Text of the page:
Most VPNs Susceptible to Traffic-Leaking TunnelCrack Assaults
Most VPNs Susceptible to Traffic-Leaking TunnelCrack Assaults

Image: Mohammad Rahmani (unsplash)

Numerous vulnerabilities present in a majority of VPN products are exploitable, enabling attackers to access user traffic, pilfer user data, or even target user devices, according to research findings.

Researchers from New York University, New York University Abu Dhabi, and KU Leuven University have emphasized that their exploitation methods aren’t resource-intensive. Thus, anyone possessing the right network permissions can execute these attacks, regardless of the VPN protocol in use. They also highlighted that even when a victim uses additional encryption layers like HTTPS, these attacks can determine the websites the user browses, posing a significant privacy threat.

The VPN Flaws and Potential Exploits The identified vulnerabilities have been categorized under four unique CVE identifiers: CVE-2023-36672, CVE-2023-35838, CVE-2023-36673, and CVE-2023-36671. Considering the vast number of susceptible platforms, these labels represent each vulnerability without considering the affected solution or codebase.

The initial two vulnerabilities can be manipulated through a LocalNet assault, occurring when a user links to a Wi-Fi or Ethernet network under an attacker’s control. Conversely, the subsequent two vulnerabilities can be exploited via a ServerIP maneuver, executed either by those controlling a dubious Wi-Fi/Ethernet connection or malicious internet service providers.

According to the researchers, both techniques deceive the user’s routing system, making the user transmit data outside the safeguarded VPN tunnel. This vulnerability allows potential adversaries to access and intercept such traffic.

A visual demonstration highlighting three of these attacks is accessible. Furthermore, the researchers have made available scripts that can evaluate a VPN client’s vulnerability status.

They also mentioned their intention to unveil the attack script to the public once a significant number of devices receive patches, contingent on the situation’s requirements and benefits.

At-Risk Applications and Remedial Recommendations Upon scrutinizing various consumer and corporate VPN tools, it was ascertained that a vast majority of VPNs for Apple, Windows, and Linux devices are prone to either or both types of attacks. However, on the Android platform, only approximately 25% of VPN apps are at risk, likely due to a meticulously crafted API.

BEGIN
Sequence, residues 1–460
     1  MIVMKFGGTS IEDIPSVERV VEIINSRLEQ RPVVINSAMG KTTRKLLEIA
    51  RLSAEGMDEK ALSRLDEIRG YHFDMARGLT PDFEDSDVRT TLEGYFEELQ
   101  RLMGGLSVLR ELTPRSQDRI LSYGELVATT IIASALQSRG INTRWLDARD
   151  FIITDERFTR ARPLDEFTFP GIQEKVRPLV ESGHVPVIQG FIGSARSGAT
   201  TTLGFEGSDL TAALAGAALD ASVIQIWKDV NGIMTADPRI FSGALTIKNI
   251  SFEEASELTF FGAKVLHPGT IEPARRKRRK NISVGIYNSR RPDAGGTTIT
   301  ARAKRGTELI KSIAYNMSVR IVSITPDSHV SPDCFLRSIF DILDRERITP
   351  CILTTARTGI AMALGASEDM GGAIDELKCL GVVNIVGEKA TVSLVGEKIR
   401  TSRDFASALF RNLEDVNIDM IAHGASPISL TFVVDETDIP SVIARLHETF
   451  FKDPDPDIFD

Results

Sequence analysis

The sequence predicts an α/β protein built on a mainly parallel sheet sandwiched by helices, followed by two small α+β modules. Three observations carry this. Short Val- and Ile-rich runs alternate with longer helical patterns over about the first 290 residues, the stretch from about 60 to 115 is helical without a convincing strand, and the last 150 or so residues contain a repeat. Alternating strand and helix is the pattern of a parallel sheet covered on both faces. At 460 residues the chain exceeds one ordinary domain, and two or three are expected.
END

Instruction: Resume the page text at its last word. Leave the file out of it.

Native VPN clients on platforms like Windows, macOS, and iOS exhibit vulnerabilities, including a few on Linux.

While the researchers are currently unaware of real-world exploitations of these vulnerabilities, they concede that detecting such incidents would be challenging.

Numerous VPN providers were informed of these detected vulnerabilities. Some vendors have already addressed the issues discreetly, in line with the researchers’ plea to maintain confidentiality until their study was divulged.

The researchers have compiled a comprehensive list of evaluated VPN apps across diverse devices. Users are encouraged to verify their VPN’s status and, if found vulnerable, to check for updates or fixes. If such details aren’t publicly disclosed, reaching out to the provider’s technical support is recommended.

The researchers also mentioned a few VPNs that have received patches, including Mozilla VPN, Surfshark, Malwarebytes, Windscribe, and Cloudflare’s WARP.

Cisco has verified the vulnerability of its Cisco Secure Client and AnyConnect Secure Mobility Client for Linux, macOS, and Windows to CVE-2023-36672, but only under a specific configuration. Meanwhile, Mullvad has acknowledged that only its iOS application is vulnerable to the LocalNet assault.

In cases where VPN updates are unavailable, users can counter the LocalNet threat by turning off local network access. Additionally, ensuring websites utilize HTTPS, a feature supported by numerous modern websites, can also act as a mitigation strategy, the research team suggests.